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Rogues’ Christmas list of stories

Pre-show at Taproot Theatre

We had a lovely evening at the Taproot Theatre and I received a number of requests for a list of the readings performed by our stellar cast. Here they are in order:

  • ‘Christmas in Qatar’ by Calvin Trillin (read by Paul Dorpat)
  • ‘You Better Not Cry’ (an excerpt) by Augusten Burroughs (Jean Sherrard)
  • ‘Christmas Every Day’ by William Dean Howells (Kurt Beattie)
  • ‘A Christmas Spectacle’ by Robert Benchley (Kurt)
  • ‘The Three Wise Guys’ by Sandra Cisneros (Bill Ontiveros)
  • ‘Christmas Cracker’ by Jeanette Winterson (Marianne Owen)

Our wonderful house band, Pineola, performed intro and interim music. I’ll update their set list when I can get it.

There’s only one more chance to catch this program: next Saturday at the Rainier Arts Center in Columbia City. But this show’s only available to Town Hall members. What a fine time to show your support and join Town Hall –  then join us for the party on Saturday!

‘Rogues’ Christmas’ – This Year at the Taproot Theatre

Northgate Santa, 1952. He knows when you are sleeping…

Greetings, all! FYI, this evening’s performance will not be held at the usual Town Hall location, which is closed for remodel and reconstruction! All Town Hall events are now sprinkled throughout the city in many different venues. Ours is at Greenwood’s Taproot Theatre. For direction and info on parking, please click here.

Thanks for the suggestion to clarify this, Clay Eals!

Seattle Now & Then: Grading Fremont

The head of a terrifying 30-foot tall Santa – Northgate Mall, 1952

A note from Jean:
Before continuing on to this week’s column, please excuse Paul and me for a shameless plug of our upcoming event. Sunday evening, we will return with our annual celebration of literature and music ‘A Rogues’ Christmas’, a part of ACT Theatre’s Short Stories Live series (usually held at Town Hall, but moved this year to the Taproot Theatre during reconstruction). 

(Now, as always, please click to enlarge photos)

THEN: Looking West circa 1911 from Fremont’s bridge to the improved Northern Pacific Railroad’s double-track line on the left, and work-in-progress on raising Ewing Avenue twenty feet with fill behind a new concrete retaining wall. (Courtesy, Museum of History and Industry)
NOW: Sculptor Mark Stevens’ 65-foot-high brushed-stainless steel sculpture named Monsruang aka Jewels of Heaven, is held to the six story corner tower of the Epi Building.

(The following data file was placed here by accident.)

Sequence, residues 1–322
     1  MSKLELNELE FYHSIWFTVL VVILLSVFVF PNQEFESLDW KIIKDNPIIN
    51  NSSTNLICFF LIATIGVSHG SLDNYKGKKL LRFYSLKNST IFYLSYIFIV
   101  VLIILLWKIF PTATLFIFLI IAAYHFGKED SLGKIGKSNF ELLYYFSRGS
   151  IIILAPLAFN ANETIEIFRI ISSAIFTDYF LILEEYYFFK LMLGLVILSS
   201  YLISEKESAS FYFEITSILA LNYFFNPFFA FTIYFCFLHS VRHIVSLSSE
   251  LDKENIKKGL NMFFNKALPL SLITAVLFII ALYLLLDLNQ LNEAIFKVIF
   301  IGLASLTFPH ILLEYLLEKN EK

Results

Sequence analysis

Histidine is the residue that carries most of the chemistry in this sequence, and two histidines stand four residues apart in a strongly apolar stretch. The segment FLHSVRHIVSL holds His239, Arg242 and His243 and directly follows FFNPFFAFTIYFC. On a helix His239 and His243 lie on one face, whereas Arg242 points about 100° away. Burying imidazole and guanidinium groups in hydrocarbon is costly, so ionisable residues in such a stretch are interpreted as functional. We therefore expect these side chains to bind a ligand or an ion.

Artist Mark Stevens perched high on his sculpture Jewels of Heaven.
The base of Steven’s work above a Fremont Street Fair.

For his contemporary repeat Jean Sherrard has moved a few feet north of this week’s featured “then.” The brick Google Building at the southwest corner of Fremont Avenue and 43rd Street, got in his way. While both views look west from the north end of the Fremont Bridge, the historical photographer stood a few feet south of Jean’s prospect to include, on the left, the then new double trackage of the Northern Pacific Railroad. The construction confusion on the right hides the work-in-progress on the grade separation between the railroad tracks and the line of false-front businesses on the north side of Ewing Street.

Looking east on the Northern Pacific Railroad’s double tracks through Fremont on June 25, 1917, a year following the dedication of the Lake Washington Ship Canal. Ewing Street, aka 34th Avenue, is atop the concrete retaining wall on the left.
At its west end the start of the 34th Street concrete wall less than a block east of the trolley car barn (on the left) dated December 11, 1936 with Phinney Ridge on the horizon.
Ewing Street (34th) west from Fremont. Note the we presume dangerous door on the second floor facade of Star Plumbing, left-of-center. 
Seen from Queen Anne Hill, concluding work on the Fremont “High Bridge” in 1911. Compare the line of store fronts on Ewing Street just left of its intersection with the north end of the new bridge at the center of the subject..
Also from Queen Anne, but about five years earlier with the low bridge still serving and many of the same storefronts on Ewing (left-of-center) at their original elevation. A copy made from one of real photo artist Q. A. Oakes’ many postcards of Seattle subjects snapped in the first years of the 20th Century. You might expect to find this look into Fremont  for sale in a drug store or at a tobacco stand.